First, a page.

Refreshing Access Tokens

In the previous section on Implicit Authentication, I have shown you how to include an authorization header for requests made by the proxy to reach a secured API end point. The problem with this approach is that the access token you use in the authorization header is constant: every request made will use that same token for authorization.

This behavior might not always be preferrable because these tokens are short-lived and expire after a couple of hours, in which case the user might have to logout and login again to obtain a fresh token. Another common use-case is when are using using a third-party authorization server, you will need to ask the authorization server first to obtain new access tokens.

Dependending on your type of application, you might want to use a refresh token: a token that is like the usual access token but this one is typically long-lived and it is used to obtain a newly generated access token every once in a while without the user having to logout after a certain time span of inactivity.

Refresh tokens complicate the scenario, typically because the developer has to persist such tokens on the client side of things (will not be a concern for the remoting library), but also because secure requests have to obtain a new access token using this refresh token in order to be able to make secure requests to the server.

Of course, depending on your requirements, you might want to decide when exactly you want to refresh an access token, in this example we will aquire a fresh access token on every request.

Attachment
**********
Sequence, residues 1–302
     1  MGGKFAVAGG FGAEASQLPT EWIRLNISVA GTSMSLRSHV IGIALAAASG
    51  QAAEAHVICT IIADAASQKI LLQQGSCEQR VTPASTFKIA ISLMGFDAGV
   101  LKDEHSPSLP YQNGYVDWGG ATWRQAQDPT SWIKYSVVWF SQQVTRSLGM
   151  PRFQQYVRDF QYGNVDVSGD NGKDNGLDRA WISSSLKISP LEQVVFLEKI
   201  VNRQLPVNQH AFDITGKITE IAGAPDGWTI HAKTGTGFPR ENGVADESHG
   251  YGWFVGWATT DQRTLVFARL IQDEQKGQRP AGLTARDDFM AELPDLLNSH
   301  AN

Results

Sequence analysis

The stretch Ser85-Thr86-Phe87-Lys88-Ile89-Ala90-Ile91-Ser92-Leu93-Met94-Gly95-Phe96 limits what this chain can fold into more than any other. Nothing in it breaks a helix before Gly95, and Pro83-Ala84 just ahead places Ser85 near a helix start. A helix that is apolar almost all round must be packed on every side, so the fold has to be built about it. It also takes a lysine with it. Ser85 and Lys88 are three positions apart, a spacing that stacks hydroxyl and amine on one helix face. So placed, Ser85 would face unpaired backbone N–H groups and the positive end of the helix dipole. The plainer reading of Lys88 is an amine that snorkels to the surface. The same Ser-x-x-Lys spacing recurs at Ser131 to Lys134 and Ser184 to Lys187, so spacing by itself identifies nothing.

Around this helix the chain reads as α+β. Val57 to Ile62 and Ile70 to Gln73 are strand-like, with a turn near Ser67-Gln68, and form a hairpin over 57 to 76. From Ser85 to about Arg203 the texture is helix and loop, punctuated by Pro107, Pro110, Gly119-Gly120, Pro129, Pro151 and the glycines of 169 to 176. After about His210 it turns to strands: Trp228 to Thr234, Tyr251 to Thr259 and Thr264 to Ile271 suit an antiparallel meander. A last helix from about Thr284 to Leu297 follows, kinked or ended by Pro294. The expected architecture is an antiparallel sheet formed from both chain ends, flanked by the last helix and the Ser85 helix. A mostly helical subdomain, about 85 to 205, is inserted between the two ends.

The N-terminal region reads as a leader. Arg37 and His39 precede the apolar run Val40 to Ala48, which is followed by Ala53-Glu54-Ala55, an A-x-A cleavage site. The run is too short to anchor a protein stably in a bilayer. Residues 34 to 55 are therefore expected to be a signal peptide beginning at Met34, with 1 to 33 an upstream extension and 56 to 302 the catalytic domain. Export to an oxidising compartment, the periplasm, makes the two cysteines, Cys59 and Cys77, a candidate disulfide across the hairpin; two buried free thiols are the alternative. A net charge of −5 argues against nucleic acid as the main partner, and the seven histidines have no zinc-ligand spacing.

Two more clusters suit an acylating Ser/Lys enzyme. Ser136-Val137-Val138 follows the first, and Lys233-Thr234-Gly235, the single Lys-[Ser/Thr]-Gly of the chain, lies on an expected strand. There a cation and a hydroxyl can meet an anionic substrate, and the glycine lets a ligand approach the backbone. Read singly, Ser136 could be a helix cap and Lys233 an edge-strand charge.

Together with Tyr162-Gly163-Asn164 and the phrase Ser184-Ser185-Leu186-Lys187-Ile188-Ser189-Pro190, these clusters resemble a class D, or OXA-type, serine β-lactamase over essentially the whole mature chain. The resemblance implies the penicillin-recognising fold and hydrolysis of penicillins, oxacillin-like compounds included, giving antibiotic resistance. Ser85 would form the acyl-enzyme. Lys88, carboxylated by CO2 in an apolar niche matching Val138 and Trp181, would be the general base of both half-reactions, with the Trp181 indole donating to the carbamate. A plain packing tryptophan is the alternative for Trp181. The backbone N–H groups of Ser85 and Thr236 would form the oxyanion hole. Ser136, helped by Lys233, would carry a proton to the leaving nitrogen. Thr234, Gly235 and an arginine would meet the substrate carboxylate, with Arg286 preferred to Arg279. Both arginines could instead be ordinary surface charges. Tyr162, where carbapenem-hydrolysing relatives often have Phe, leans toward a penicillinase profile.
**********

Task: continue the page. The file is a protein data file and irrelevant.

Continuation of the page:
Assuming you have implemented a functions, let us call them refreshTokenFromStorage and obtainAccessToken you will use them to get an access token from the authorization server. The functions might have the following signature:

type AccessToken = AccessToken of string 
type RefreshToken = RefreshToken of string 

// get the refresh token stored somewhere on the client
let refreshTokenFromStorage : unit -> Async<RefreshToken> = (* ... *)

// use the refresh token to obtain an access token from the authorization server
let obtainAccessToken : RefreshToken -> Async<AccessToken> = (* ... *)

You will create a new proxy every time you want to make a secure request using the access token:

// Create a MusicStore proxy from an access token
let createSecureMusicStore (AccessToken(accessToken)) : IMusicStore = 
    Remoting.createApi()
    |> Remoting.withAuthorizationHeader (sprintf "Bearer %s" accessToken)
    |> Remoting.buildProxy<IMusicStore>


// Create a new proxy every time you need to use API
let musicStore (f: IMusicStore -> Async<'t>) : Async<'t> = 
    async {
        let! refreshToken = refreshTokenFromStorage()
        let! accessToken = obtainAccessToken refreshToken
        let musicStoreApi =  createSecureMusicStore accessToken
        return! f musicStoreApi
    }

Now from the application code consuming the IMusicStore it will look like this:

let getPopularAlbums() = 
    async {
        let! albums = musicStore (fun api -> api.getPopularAlbums())
        return albums
    }

In case you don't like callbacks, here is another way of writing musicStore function:

let getMusicStore() : Async<IMusicStore> = 
    async {
        let! refreshToken = refreshTokenFromStorage()
        let! accessToken = obtainAccessToken refreshToken
        let musicStoreApi =  createSecureMusicStore accessToken
        return musicStoreApi
    }

let getPopularAlbums() = 
  async {
      let! musicStore = getMusicStore()
      let! albums = musicStore.getPopularAlbums()
      return albums
  }

Same idea, similar results and still a simple API. So at the end of the day, the added complexity is simply an extra argument or an extra function call to use the proxy instead of using a static instance. Finally, don't worry about performance regarding the creation of proxies because it is a very cheap operation that only occurs every once in a while.

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